Thursday, February 03, 2005

Adobe Acrobat 7.0

I attended a seminar today that introduced Adobe Acrobat 7.0, the latest version of the program that creates the PDF documents that we've started using so often on our website. PDF stands for "portable document format." The idea is to make the "reader" part of the program freely available to anyone who want to use it. Many have, since more than 750 million people across the globe have downloaded it. To create a PDF file, you need the full program (which is certainly not free). With Acrobat, you're able to take a document in almost any format (Word, Excel, or an image of some type) and, by one click of your mouse, make it a PDF document. This is the format we use to present our monthly sales and foreclosure reports (coming soon for January) and the 1951-1975 Grantor Index on CD. But we're only scratching the surface of the capabilities of this program. Today's seminar, at New Horizons (a national computer instruction company) in Waltham was taught by Mark Sawyer, a former newsman at the old WLLH radio station in Lowell. Mark did a great job. He not only introduced the product, he inspired those in the class to imagine all the possible uses for it in the work flow of our respective offices. I certainly did. You'll be hearing more about that in the near future.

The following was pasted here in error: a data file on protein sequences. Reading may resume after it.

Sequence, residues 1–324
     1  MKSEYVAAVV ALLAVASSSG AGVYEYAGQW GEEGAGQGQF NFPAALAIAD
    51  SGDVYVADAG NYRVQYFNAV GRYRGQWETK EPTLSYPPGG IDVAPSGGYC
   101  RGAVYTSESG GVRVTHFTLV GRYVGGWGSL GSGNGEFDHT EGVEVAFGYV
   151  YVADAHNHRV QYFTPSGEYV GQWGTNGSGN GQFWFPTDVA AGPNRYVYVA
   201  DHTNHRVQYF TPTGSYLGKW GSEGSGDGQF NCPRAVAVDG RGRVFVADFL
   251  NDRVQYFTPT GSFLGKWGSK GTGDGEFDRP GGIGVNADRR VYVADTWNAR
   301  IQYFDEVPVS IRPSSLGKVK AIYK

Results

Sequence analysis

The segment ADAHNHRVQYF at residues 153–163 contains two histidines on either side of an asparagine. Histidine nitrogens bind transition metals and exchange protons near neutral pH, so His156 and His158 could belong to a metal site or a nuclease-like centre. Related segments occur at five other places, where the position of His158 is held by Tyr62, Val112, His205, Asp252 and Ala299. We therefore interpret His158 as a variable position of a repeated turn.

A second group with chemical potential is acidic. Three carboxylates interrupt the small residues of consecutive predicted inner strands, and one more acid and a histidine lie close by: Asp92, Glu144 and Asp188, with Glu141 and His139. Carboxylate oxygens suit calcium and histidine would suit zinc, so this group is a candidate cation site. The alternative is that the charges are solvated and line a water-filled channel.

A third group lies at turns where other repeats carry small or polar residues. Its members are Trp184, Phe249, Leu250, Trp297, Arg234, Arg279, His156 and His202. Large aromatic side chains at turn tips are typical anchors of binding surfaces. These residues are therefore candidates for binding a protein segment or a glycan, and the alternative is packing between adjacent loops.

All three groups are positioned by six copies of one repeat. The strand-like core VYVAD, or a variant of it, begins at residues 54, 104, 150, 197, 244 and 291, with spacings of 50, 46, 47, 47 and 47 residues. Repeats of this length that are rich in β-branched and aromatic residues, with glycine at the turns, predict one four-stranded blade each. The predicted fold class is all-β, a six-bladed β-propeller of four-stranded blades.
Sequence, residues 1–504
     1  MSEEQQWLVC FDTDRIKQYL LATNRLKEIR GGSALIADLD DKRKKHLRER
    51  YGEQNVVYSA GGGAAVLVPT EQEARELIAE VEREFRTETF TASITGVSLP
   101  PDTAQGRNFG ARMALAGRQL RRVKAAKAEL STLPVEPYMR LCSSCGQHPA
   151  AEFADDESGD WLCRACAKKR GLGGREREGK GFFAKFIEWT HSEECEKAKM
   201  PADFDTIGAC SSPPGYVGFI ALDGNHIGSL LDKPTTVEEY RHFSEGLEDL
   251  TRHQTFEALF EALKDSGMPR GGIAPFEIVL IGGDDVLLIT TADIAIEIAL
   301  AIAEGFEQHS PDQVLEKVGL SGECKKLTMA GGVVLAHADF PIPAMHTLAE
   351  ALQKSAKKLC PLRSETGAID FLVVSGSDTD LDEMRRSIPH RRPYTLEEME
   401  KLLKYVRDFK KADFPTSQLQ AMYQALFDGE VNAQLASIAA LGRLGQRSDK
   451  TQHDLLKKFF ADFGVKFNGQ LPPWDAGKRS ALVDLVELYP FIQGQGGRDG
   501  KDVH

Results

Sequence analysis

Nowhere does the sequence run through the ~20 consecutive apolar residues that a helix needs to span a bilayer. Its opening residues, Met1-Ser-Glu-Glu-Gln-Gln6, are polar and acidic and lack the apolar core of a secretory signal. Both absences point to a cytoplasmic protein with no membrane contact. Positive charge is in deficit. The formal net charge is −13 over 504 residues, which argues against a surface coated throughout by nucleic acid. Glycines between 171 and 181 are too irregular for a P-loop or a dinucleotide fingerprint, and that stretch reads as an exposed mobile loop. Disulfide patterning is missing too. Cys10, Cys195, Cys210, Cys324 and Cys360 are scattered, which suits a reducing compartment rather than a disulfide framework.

Wednesday, February 02, 2005

Follow Up